Posted by CelebrateHmong on Thursday, April 4, 2019
Kimberly Lee

KIMBERLY LEE BIO: My name is Kimberly Lee and I am a Hmong Woman rapper. I use my identities of being Hmong, a woman and being part of the LGBTQ+ to empower, inspire and spread awareness in the Hmong community. The hardships and experiences that I go through, I choose to express it through the platform of an artist so listeners know that they are not alone. Although much of my work is in fact poetry, I chose music because I feel that music is universal without having to understand the language itself. I engage in being a Hmong artist to take back the language in a time where assimilation is affecting many of our youth to lose the language. I am motivated as an artist to continue my work because of the people who have told me how much my songs have meant to them and how much it touched their hearts. I believe that our community could use more artists that are able to express a variety of topics. In my work, I have covered depression, self-love, identity, and the Hmong people’s oppression faced in America.

Posted by CelebrateHmong on Thursday, April 4, 2019
Matthew Moua

MATTHEW MOUA BIO: I'm a local, Stockton raised, Hmong, punk/hardcore guy who lived life outside of the Hmong community. Being different motivates me. I never was really in one place at a time. My parents are divorced. I was basically homeless as a teenager. I grew up with punks and hardcore kids. I'm straight edge. I love punk and hardcore. The fact of being an outsider is what made me feel that emptiness that needed something else outside of the Hmong community. I was raised as an American. My cousins went my best friends. I can barely understand Hmong. I used to draw a lot as a kid, but when I was a teen I used to graffiti with my friends. I engaged in art as something of an emotion that I could never grasp. Highlight whatever you want, but I cant say confidently, I may be the whitest Hmong person you know.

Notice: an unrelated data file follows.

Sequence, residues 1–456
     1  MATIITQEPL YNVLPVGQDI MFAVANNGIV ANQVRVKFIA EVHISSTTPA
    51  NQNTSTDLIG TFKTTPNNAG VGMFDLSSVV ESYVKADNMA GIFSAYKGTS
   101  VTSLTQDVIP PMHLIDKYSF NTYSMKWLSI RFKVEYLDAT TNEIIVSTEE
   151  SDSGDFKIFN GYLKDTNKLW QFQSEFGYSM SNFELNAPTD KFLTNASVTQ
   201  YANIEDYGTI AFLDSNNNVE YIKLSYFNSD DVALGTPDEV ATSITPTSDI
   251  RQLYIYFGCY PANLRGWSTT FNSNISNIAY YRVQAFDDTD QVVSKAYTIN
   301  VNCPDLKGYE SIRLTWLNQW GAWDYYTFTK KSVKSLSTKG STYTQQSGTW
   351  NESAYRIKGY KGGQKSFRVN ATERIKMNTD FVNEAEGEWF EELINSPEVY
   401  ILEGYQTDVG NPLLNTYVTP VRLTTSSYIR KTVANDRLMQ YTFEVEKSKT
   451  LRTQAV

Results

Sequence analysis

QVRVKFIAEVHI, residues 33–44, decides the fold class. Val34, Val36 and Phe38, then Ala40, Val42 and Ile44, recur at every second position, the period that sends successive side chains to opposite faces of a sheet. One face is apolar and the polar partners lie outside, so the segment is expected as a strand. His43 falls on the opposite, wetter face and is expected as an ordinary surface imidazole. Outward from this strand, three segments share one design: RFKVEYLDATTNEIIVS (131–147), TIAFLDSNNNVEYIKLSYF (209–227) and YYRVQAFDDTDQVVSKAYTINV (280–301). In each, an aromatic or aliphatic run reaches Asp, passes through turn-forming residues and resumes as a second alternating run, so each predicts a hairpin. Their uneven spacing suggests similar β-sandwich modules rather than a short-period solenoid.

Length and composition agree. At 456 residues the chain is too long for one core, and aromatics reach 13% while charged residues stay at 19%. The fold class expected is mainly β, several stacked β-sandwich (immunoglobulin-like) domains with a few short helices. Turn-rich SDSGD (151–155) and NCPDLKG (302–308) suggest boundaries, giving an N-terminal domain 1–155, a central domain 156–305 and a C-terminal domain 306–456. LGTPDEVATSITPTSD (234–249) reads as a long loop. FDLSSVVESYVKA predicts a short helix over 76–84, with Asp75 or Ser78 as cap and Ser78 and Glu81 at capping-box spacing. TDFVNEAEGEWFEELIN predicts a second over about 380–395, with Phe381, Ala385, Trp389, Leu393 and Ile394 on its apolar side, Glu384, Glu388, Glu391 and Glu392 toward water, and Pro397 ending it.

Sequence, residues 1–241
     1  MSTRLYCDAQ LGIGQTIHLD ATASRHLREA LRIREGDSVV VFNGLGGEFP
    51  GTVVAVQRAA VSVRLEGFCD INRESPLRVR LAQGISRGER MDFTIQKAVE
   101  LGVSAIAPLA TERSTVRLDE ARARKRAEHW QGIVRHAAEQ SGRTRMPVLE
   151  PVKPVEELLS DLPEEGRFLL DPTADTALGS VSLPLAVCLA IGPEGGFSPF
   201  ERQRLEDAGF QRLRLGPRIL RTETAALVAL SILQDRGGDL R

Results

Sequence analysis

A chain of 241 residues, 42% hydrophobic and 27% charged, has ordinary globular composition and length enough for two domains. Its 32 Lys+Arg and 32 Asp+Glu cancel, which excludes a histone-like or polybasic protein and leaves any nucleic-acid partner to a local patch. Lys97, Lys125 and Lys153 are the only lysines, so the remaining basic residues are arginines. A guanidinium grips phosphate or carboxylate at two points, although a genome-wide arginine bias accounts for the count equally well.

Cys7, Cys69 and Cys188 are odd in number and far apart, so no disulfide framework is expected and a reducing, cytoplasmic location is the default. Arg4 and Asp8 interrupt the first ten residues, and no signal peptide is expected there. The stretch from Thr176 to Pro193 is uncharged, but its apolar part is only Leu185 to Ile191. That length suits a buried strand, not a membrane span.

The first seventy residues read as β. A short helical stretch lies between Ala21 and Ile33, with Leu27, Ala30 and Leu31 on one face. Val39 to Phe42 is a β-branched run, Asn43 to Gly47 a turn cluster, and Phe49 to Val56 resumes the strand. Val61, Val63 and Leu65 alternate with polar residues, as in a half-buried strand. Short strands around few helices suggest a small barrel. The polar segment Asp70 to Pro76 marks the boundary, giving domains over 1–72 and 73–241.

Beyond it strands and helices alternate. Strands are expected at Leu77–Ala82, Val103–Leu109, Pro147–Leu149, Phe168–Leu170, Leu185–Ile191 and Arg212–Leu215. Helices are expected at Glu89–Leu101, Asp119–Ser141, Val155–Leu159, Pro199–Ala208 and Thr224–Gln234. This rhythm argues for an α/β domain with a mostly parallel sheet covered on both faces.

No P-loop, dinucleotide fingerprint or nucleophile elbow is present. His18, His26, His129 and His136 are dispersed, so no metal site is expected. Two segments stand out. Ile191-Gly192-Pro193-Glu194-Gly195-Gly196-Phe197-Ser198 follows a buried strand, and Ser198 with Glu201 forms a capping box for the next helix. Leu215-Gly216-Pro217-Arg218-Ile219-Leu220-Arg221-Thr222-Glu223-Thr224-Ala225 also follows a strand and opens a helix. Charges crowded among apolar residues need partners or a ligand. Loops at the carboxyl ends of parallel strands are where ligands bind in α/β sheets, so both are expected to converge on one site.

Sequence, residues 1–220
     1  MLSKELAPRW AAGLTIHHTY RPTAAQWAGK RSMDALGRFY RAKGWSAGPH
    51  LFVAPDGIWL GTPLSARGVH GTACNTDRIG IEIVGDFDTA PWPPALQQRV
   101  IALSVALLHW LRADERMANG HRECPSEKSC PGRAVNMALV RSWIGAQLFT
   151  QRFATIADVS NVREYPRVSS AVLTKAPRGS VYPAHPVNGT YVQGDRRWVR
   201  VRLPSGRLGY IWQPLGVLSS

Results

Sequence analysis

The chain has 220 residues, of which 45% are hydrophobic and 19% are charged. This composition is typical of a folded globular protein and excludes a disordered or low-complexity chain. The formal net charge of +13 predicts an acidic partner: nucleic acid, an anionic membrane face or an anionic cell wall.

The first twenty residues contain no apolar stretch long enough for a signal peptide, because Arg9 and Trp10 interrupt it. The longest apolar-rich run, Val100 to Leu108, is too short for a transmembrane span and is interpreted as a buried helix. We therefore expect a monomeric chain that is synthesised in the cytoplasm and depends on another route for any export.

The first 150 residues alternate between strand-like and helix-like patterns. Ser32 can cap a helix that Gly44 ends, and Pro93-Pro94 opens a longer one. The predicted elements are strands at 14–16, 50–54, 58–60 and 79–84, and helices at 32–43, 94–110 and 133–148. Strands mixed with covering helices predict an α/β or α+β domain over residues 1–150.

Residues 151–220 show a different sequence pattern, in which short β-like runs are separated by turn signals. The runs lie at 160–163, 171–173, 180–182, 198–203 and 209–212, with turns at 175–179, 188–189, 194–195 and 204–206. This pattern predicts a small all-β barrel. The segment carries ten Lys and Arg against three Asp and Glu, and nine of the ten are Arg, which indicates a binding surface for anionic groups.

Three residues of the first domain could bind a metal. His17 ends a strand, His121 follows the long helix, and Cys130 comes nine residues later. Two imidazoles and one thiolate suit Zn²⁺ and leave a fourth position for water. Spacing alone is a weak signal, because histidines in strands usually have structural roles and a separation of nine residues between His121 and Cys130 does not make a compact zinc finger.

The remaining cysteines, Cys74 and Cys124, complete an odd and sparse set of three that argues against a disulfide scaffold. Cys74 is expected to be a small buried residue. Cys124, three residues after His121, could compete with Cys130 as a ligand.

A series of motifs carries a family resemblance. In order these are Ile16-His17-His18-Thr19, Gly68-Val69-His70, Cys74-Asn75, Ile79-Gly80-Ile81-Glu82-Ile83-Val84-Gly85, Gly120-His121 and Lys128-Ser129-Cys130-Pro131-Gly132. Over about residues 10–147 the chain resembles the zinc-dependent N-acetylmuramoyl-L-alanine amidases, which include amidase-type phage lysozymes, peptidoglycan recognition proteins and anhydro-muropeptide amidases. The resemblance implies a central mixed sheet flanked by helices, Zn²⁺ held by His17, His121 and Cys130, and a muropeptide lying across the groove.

Posted by CelebrateHmong on Thursday, April 4, 2019
Meng Thao

MENG THAO BIO: Growing up art was always a hobby for me, I never really thought of it as a career path. I brushed it aside because my parents, probably like yours believes that the arts whether it be drawing, painting, dance, or music would bring no fortune. It wasn't until I got to college it's where I truly understood that maybe art was not just a hobby and it was a career. In high school I was in leadership and I was always the go to guy when it came to posters. The teacher had assigned me to make all the posters for the football games and senior games. People would even request for me to make their posters. . I guess that’s where I should have sparked a thought in my head that art was my career, but I was arrogant and thought I was going to be an actor. After I graduated high school I went to Fresno State to study theatre but with in the first semester I went from theatre major to undeclared. In the time that I was undeclared I took a bunch of art classes. The art classes were super fun and I really enjoyed taking the time to perfect my pieces. The instructors had motivated me and I eventually switched my major to art. That was short lived thought because I eventually dropped out. I dropped out on good standing my third year of college because I wanted to do more than just draw, paint, and sculpt. I wanted to TATTOO! I wanted to break the mold from being a regular studio artist and the mold from Hmong culture to be a tattoo artist. It took me a while but after a year of dropping out I acquired a tattoo apprenticeship and that’s where I am at now.

Posted by CelebrateHmong on Thursday, April 4, 2019